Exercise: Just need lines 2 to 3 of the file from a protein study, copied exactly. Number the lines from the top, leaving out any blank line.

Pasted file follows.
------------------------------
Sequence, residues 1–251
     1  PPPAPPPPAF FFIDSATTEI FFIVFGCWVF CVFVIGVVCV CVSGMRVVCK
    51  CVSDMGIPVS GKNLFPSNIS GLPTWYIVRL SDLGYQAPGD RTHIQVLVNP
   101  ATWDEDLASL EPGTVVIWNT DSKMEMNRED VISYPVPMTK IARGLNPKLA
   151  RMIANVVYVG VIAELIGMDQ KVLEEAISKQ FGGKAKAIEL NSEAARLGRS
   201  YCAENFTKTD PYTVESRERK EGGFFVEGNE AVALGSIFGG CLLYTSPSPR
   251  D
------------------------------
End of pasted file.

     1  PPPAPPPPAF FFIDSATTEI FFIVFGCWVF CVFVIGVVCV CVSGMRVVCK
    51  CVSDMGIPVS GKNLFPSNIS GLPTWYIVRL SDLGYQAPGD RTHIQVLVNP